The Forth, as in The Dan forth from former Brassaii chef Chris Kalisperas, is a space with narrow frontage that leads to expansive second and third floor dining rooms with room for 160 seats. The restaurant doesn't think of itself as fine dining though the staff (uniformed with ties and vests or sleek fitted dresses) will show you up if you arrive in jeans.
The interior is outfitted with opulent finishes like herringbone flooring, polished stones and wainscotting. The colour scheme is 50 shades of grey, though the character-adding showpiece artworks have yet to be installed. Projections of archival Toronto streetscapes on rotation take advantage of the extended ceilings.
The seasonally driven menu will change frequently and is listed under the headings "snacks," "appetizers," "mains" and "for two," meaning large format, date-worthy dinners like whole roast chicken ($59) or rack of lamb ($89) with all the trimmings.
From the apps section, the grilled quail ($16) is served with a trio of cauliflower preparations (a purée, crudités and roasted florets) with tart green apple shavings, endive and dollops of quail egg sabayon.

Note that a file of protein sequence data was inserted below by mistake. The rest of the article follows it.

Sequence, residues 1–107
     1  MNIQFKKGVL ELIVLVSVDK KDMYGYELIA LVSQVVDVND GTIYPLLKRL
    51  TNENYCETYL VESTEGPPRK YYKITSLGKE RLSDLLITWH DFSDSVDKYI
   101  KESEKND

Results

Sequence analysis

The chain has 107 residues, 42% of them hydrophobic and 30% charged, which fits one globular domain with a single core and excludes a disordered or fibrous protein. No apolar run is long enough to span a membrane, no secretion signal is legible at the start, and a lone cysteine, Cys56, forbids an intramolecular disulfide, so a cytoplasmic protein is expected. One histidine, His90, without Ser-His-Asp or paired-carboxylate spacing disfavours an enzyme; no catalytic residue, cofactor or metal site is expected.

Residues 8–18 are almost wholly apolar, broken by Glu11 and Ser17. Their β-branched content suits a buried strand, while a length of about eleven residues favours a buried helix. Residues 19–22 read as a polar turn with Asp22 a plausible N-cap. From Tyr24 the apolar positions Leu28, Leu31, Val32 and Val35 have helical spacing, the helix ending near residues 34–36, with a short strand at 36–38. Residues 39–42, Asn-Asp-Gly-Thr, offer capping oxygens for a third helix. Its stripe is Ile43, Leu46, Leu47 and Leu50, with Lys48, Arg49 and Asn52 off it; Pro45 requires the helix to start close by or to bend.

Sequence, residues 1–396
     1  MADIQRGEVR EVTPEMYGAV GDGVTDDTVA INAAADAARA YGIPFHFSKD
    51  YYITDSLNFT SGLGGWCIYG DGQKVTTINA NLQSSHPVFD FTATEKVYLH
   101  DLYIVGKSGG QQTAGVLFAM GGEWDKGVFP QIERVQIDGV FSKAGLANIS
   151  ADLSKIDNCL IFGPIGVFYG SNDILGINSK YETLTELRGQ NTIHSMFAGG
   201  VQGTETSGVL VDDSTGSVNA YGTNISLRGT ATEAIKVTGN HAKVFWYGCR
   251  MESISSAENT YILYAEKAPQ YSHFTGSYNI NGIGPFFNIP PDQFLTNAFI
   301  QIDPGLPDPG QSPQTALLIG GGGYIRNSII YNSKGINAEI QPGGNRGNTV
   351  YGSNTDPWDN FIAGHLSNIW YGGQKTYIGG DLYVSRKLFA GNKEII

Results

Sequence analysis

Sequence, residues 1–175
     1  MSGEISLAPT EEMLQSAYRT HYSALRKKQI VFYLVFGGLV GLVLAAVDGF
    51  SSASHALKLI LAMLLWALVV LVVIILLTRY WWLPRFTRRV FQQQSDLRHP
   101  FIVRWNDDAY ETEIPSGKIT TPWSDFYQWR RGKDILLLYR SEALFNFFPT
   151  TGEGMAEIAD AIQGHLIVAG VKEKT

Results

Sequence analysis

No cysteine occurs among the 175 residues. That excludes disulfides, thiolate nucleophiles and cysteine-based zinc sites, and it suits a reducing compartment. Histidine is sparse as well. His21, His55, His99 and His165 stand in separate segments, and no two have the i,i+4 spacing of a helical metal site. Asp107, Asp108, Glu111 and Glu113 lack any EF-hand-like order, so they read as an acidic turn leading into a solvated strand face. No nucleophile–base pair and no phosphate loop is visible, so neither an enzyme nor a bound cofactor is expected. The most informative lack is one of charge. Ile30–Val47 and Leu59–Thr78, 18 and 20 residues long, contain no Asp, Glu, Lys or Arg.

Agnolotti ($20) filled with stracciatella (the basis of burrata) is hand formed and simply sauced with butter, vegetable stock and lemon. Candied pistachio, bitter rapini and a dusting of parmigiano skillfully compliment each other.
The roasted dry-aged duck breast ($28, lead photo) is crusted with coriander, savoury and honey, the skin rendered perfectly crispy while the flesh is moist and just slightly pink. Set over a bright carrot purée and bed of black quinoa, it's accompanied by carrots, brined then roasted for tart but earthy notes, and spoonfuls of sweet Saskatoon berry preserve to round out the dish.
Cocktails are available, though signature drinks are still in the works. The succinct wine menu features mostly Ontario bottles starting at an approachable $40 while the beer list includes craft brews from Muskoka, Amsterdam and Kensington, sold for $6 on draught.
The maple dessert ($9) from pastry chef Elysia Staszczyszyn is especially stunning, composed of almond maple cake, buttermilk ice cream, brown butter panna cotta and a maple macaron, sandwiching whiskey gelee.
The Forth is open nightly for dinner and drinks. While price points a little steep, they match the level of execution which thankfully doesn't follow that haute cuisine trend of ultra small portions. You will leave full, only your wallet will be a little lighter.
Photos by Jesse Milns